Estrogen blockers are most often used to treat breast cancer or to counteract the estrogenic effects of bodybuilding steroids. Estrogen blockers raise testosterone in men and increase strength and muscle mass. They also produce side effects that can range from fatigue to speech trouble.
There are three types of estrogen blockers: antiestrogens, aromatase inhibitors and specific estrogen receptor modulators. Common trade names of estrogen blockers include Clomid, Evista, Fareston and Soltamox.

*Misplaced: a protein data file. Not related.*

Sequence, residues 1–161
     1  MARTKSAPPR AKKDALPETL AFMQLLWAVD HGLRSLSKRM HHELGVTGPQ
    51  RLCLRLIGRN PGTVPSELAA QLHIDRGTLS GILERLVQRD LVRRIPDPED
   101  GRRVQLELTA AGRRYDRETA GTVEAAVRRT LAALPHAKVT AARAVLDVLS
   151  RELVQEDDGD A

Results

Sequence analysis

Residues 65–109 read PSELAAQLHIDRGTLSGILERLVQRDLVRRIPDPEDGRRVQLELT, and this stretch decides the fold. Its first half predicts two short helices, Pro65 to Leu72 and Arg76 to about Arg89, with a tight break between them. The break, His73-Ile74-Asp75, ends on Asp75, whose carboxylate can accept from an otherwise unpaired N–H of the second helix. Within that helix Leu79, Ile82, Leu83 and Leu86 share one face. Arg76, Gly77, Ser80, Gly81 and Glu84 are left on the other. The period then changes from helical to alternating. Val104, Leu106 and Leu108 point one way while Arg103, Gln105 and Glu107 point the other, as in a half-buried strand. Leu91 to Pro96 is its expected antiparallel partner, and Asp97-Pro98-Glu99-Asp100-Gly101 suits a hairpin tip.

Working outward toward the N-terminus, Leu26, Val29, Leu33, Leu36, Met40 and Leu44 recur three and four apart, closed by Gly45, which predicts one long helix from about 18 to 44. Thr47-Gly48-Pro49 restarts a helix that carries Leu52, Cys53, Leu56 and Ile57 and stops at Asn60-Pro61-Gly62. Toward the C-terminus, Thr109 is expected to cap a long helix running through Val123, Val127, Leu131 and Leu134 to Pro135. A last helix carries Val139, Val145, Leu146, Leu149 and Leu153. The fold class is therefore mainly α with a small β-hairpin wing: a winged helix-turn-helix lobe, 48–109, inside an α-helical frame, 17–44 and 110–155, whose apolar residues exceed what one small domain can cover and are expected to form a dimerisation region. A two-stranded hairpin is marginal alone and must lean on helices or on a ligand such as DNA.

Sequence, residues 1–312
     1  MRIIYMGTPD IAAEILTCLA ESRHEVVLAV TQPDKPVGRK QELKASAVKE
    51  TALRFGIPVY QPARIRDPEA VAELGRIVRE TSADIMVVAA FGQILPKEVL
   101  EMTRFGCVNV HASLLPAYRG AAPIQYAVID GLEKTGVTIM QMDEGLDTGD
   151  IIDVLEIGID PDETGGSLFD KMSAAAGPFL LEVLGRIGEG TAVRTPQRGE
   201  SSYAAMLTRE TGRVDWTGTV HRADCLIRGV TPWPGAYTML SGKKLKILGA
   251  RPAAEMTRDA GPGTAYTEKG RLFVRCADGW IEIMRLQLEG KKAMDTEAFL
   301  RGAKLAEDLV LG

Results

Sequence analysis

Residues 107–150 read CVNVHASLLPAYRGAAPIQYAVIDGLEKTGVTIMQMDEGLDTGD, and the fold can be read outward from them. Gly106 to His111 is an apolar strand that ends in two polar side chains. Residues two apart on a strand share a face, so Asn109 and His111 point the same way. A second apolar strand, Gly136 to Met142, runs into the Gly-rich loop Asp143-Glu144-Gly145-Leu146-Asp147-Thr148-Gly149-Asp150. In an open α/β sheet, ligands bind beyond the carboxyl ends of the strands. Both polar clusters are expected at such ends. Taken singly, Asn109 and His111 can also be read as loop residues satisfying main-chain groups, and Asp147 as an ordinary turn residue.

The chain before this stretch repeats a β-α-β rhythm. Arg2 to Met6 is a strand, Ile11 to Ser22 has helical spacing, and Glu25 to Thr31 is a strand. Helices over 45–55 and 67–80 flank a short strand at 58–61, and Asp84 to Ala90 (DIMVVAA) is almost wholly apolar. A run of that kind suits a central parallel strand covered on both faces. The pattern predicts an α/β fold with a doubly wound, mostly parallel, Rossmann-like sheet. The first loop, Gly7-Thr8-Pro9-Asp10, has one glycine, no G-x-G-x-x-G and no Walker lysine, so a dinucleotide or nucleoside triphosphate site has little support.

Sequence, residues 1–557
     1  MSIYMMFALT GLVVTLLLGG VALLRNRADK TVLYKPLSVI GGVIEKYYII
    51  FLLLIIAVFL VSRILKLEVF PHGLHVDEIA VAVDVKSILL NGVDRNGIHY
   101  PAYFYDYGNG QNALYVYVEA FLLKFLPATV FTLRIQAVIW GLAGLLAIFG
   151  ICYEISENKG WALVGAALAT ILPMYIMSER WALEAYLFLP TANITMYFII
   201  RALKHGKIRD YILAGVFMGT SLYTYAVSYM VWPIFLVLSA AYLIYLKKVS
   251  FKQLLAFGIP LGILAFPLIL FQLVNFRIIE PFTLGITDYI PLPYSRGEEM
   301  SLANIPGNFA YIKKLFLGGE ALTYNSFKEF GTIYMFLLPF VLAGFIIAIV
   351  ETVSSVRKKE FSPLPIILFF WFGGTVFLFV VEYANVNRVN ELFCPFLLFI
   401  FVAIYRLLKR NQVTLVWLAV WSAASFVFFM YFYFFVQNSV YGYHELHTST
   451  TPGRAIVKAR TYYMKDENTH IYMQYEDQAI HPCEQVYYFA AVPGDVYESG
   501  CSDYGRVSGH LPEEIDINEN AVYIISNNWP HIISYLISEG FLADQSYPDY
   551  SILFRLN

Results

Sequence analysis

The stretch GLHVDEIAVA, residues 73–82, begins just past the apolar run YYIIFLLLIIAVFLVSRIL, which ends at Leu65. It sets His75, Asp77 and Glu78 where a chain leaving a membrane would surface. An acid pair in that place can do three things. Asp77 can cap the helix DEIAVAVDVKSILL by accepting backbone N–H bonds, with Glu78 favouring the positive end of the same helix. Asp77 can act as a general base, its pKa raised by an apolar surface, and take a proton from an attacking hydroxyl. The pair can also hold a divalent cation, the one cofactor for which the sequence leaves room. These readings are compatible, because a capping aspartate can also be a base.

Short term side effects of estrogen blockers include blurred vision, bruising, chest pain, dizziness, fatigue, headache, hot flashes, mood swings, night sweats, numbness, swelling and vaginal discharge.
Long term side effects of estrogen blockers include bone loss, blood clots, endometrial cancer, joint weakness, stroke and uterine cancer.
Antiestrogens such as Clomid may be used to treat infertility because they induce ovulation, but some women experience side effects, such as thickening of cervical mucus, that prevent conception.
A 2008 study at the University of London showed that women who experienced hot flashes while taking estrogen blockers for breast cancer were less likely to have a recurrence of the cancer.